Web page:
Day 213: Pretty Woman (October, 8)

Ok, let's begin the not so easy journey ahead in order to update the comments about the movies that I've seen on the last few days. 

On what seems now a long time ago I've decided to stay with a Pretty Woman rerun on cable. The scenario was one that you're probably are familiar by now: a busy day, I was too tired for risking a new film... and so Julia Roberts, Richard Gere and Roy Orbison kept me awake, as always, in front of the TV.

I've seen this movie so many times, I lost the count. But I remember the first one, on a movie theater, when I was 20. At the time, I already had a decent job, but was trying to get a new placement.. So I was studying to get a job as a court clerk in a different place. This kind of selection can be tough, and so I was studying a lot, altogether with my classes on College. At this particular day, I decided to see Pretty Woman on the cinema, and my memory is about me, coming back from the screening, heading to the shorthand training, thinking about what I've just seen.

I remember walking on the street, under the trees, heading to my class, in  a state of enchantment. I had enjoyed the movie a lot, and had with me an amazing feeling during a time of mostly hard work. 

Another memory regarding the movie is from a few days after. I was at a nice cafe (the first one in my city, if you can believe it), surrounded by people from college and journalists and intellectuals - the usual customers of that place - when I heard a girl on the table near me trying to explain why she had enjoyed Pretty Woman so much - after all, it was not a cult movie, but a commercial sort of fairy tale film. Her argument was that Pretty Woman is a modern fable. She was so assured of her opinion, it was funny to see. She couldn't just like it, she had to justify why. What a waste of a good time, I thought then. I know, I know it is judgemental, but it was really painful to witness that kind of attempt. 

The thing is, one can pinpoint many tricky aspects about this movie - how a woman is depicted is one of them. How romanticized prostitution is can be other. And we can go on an on. I don't discard any of it, actually - important debates can come from this film. However - and it is in fact a big but -, it is a well told story with a strong female protagonist that stays with us for a while. It is a fairy tale, indeed - and, for me, one well constructed. The darkest aspects of the life on streets are hinted in a few scenes, specially at the beginning. But what stays with us is that sense of enchantment that I've talked about before.One that can still be presented even if Pretty Woman is a very different movie now than it was 25 years ago. Its star are also different, no doubt. But the movie remained the same in some aspects. It is still enjoyable, a bit silly, and, most of all, a big source of memories of the time when it was a big hit.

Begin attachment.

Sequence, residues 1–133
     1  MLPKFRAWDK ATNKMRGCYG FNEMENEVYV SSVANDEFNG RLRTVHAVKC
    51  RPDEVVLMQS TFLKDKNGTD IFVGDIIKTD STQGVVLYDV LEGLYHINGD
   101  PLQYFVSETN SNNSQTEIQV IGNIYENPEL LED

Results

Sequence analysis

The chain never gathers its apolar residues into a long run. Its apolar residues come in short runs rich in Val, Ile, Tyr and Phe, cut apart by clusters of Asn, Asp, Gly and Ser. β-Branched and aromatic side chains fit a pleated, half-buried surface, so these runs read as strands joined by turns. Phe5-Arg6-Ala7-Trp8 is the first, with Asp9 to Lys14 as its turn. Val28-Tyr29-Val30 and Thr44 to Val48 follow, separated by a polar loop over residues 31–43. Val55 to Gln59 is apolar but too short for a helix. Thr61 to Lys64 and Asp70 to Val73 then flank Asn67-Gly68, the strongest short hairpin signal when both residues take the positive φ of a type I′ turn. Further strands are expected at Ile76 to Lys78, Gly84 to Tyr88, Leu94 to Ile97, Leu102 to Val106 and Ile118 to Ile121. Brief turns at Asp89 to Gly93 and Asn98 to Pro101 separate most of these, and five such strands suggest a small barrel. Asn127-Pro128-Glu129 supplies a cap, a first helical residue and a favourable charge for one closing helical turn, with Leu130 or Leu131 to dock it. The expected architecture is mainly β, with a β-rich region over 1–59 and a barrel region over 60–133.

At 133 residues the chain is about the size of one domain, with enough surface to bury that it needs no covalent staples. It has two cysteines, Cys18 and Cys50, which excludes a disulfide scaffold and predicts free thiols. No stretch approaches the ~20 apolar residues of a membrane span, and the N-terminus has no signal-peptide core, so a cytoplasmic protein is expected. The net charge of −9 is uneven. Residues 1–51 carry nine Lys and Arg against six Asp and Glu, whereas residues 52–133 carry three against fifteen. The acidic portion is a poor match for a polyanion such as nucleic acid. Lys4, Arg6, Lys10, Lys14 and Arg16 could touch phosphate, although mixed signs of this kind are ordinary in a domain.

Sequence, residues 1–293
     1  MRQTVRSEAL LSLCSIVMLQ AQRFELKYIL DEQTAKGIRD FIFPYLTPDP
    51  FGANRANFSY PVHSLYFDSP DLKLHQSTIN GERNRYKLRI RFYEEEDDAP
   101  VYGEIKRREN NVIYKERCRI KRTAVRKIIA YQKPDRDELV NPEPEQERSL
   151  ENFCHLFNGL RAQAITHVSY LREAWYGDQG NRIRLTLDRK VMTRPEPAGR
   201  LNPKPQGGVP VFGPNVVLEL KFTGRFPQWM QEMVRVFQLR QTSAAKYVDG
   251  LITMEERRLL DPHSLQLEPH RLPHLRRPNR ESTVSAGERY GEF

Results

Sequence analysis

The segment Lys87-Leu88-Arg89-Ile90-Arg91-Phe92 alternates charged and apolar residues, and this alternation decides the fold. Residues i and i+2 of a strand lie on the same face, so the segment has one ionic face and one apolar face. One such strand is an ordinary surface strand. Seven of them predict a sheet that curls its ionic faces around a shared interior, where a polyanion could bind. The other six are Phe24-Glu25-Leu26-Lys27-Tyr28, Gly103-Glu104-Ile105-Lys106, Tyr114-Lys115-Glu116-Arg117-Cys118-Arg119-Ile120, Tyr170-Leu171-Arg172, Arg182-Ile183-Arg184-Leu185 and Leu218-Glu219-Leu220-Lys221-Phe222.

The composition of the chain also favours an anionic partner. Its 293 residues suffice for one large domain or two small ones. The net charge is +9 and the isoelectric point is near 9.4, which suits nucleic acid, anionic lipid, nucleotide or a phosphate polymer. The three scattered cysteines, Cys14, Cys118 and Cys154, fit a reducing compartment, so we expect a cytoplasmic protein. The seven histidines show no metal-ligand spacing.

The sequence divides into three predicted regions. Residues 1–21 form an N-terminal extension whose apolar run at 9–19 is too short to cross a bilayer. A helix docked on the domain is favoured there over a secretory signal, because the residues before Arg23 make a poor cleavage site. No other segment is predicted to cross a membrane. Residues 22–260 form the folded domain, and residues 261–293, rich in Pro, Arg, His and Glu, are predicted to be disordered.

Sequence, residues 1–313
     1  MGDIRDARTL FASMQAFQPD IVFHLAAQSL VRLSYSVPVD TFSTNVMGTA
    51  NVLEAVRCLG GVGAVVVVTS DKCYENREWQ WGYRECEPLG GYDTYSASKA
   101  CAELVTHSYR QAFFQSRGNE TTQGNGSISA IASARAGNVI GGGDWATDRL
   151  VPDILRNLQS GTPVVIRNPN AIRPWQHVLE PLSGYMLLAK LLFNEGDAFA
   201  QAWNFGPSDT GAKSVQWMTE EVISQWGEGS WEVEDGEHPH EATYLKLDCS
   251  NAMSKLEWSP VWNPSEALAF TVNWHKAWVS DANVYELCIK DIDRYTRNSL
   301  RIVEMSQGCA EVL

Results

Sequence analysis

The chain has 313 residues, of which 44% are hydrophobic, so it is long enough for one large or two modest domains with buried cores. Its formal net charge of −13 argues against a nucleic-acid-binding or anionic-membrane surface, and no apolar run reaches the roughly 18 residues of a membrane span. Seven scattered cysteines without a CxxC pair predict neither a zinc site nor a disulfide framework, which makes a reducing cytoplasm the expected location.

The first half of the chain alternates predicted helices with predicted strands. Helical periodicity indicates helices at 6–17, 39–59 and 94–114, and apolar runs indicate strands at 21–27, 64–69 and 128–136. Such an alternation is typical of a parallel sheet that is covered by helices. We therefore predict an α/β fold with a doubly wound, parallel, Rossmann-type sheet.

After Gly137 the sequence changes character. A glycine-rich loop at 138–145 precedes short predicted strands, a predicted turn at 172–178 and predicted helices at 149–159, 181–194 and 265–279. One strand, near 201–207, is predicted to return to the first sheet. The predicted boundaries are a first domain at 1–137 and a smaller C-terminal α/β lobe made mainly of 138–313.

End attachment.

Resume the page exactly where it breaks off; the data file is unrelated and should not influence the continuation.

Nice to meet it again, along with many good memories. 

Together to celebrate Pretty Woman's 25th anniversary
Pretty Woman. Directed by Gary Marshall. With Julia Roberts, Richard Gere,
Jason Alexander. Writer: J. F. Lawton. USA, 1990, 119 min., Dolby, Color (Cable).

1 comment:

  1. Ugh. My feels. It's a timeless tale, for sure. And a fairy tale, indeed. It's admirable how it takes the chance (and the risk) to speak a lot about female empowerment. Not only the main character is a woman, she's also a hooker. So much prejudice to overcome in a short time frame! And it does it justice. Who could ever forget the scene where she returns to the store, looking all classy with a handful of shopping bags, and talks down to the saleswoman who refused to service her? But it's also about love overcoming obstacles, and that makes it a contemporary fairy tale. What makes it such a special one is the charisma in Gere's and Robert's characters. They're both to fall in love with.

    [ j ]